My 12 yr old dog is hospitalized with pancreatitis (on fluids, bowel rest)… She also has elevated liver enzymes. Before getting sick, she was fed darwins in the morning with coconut oil and natures variety instinct in the evening with probiotic. She was doing great with her skin and allergies…
I want to modify her diet to less fat… Any suggestions? Cancelled darwins and was thinking either honest kitchen preference (add ground turkey) or natures variety instinct rabbit. She’s very picky..
Should I start her on milk thistle or sam-e?
Thank you for your timeSusanParticipant
Hi, did you look at the Honest Kitchen Zeal, the fat is only 8.50% & it already has the protein fish, fish is easy to digest.. http://www.thehonestkitchen.com/dog-food/zeal…
I looked at the Preference the fat is 8.4% & you haven’t added the meat yet….have you looked into cooking? once you cook & freeze everything its pretty easy, just once a week you have to cook & days you feel lazy, I feed a wet tin food, kibble is hard to digest so maybe stick with wet foods less work on the stomach pancreas & bowel…. on Face Book there’s a “Canine Pancreatitis Support” group, post a post asking brands of low fat premium wet tin foods…I know a few feed the “Holistic Select” Senior kibble its easy to digest… just remember the fat % in wet tin food is higher then kibble, if a wet tin food says 5% fat that’s around 22% fat if it was a kibble….jewel0247Member
Thanks Susan for your post. I will look into the HK zeal.. It’s just I had her on the turkey one and she got tired of it. So I thought at least the preference I could rotate proteins. Definitely will stick with wet dog food..
I sent a request to join that FB group. Pending approval I think..
Don’t think I wouldn’t mind cooking her food (may help with the pickiness).. I just don’t know where to start. Need a recipe for a 12 lb dog :).Nora LMember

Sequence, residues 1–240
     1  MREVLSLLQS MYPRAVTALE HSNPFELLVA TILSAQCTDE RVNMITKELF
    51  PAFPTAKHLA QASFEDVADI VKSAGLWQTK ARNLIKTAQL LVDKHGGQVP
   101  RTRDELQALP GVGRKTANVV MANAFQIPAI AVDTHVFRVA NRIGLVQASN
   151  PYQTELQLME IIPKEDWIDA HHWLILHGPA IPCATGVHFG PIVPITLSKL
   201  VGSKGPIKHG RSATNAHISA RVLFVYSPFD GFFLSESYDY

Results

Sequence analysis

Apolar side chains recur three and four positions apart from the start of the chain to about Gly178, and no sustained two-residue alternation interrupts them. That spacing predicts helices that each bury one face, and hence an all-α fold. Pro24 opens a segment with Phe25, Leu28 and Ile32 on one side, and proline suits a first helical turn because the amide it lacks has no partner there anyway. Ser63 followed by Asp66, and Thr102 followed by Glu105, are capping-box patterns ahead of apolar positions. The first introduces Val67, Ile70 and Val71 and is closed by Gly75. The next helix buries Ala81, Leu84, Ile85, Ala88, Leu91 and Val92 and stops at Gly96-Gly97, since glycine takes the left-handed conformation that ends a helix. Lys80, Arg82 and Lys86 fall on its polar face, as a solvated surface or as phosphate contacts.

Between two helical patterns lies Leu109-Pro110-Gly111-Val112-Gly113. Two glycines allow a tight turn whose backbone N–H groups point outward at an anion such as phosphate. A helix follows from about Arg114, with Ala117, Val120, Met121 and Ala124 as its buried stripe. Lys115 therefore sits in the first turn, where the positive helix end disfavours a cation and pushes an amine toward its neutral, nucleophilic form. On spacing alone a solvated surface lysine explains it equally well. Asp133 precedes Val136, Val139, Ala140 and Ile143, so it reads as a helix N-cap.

Pancreatitis is associated with high fat consumption. All commercial foods have too much fat, and most don’t even disclose actual percentages on the labels. If a dog of mine had this problem, especially if s/he was as small as yours (and therefore cheap to feed), I’d opt to feed the best foods possible, raw, uncombined and in proper quantities. People are brainwashed to believe that disease just happens out of nowhere. This is not only not the case, it is possible to avoid disease and, in most cases, even reverse it by recognizing and removing the causes. My own dog died (naturally and at home) at age 19 and had not visited a vet for a symptom in the last 11 years of his life. My sister’s dog almost died from Pancreatitis 6 years ago and she switched him to a rotational mono-diet and he has not been to the vet since, for any reason. I’d be happy to share the details if you are interested.Julie LMember
MY dog also has had Pancreatitis, in fact twice. Once they have it they will always be subject to get it again unless you get them on a low fat food. I found Anna Maet Lean and called the company to get the max fat. which is 9%. I’m very happy with this food. Ellie (dog) has to be monitored all the time. I had her boarded since I had to go out of town and gave them the strict instructions on her food. When I got back she had her 2nd bout with Pancreatitis. My dog cannot have any store treats, NONE I make all of her treats. Guess what I’m trying to say is find a very low fat food and don’t ruin it by giving your dog any store treats. Dehydrate chicken breast or boil/pressure cook chicken breast for food topper. Turkey is also a great treat.Nora LMember
It is difficult to ascertain the actual fat percentages of commercial foods (including treats) because producers are not required to divulge this information, and they do not do so voluntarily. Even when they do provide a percentage, it is deceptive because it is by weight, not by calorie. This is the trick that allows milk producers to put “2%” and “low fat” on their labels. They include the water in their calculations. 2% fat milk is actually 35% fat by calorie. So using the same trick, if a pet food producer says their product is 9% fat, it is more likely at least half fat by calorie. That’s not low If my dog had already had pancreatitis, I’d be making sure that I was feeding low fat and the only way to do that is to feed meats that are low fat and/or that you can cut the fat off of. When you buy commercial pet food of any kind, you give up control over the fat content of what you feed. It is also easier on all the digestive organs to feed raw.
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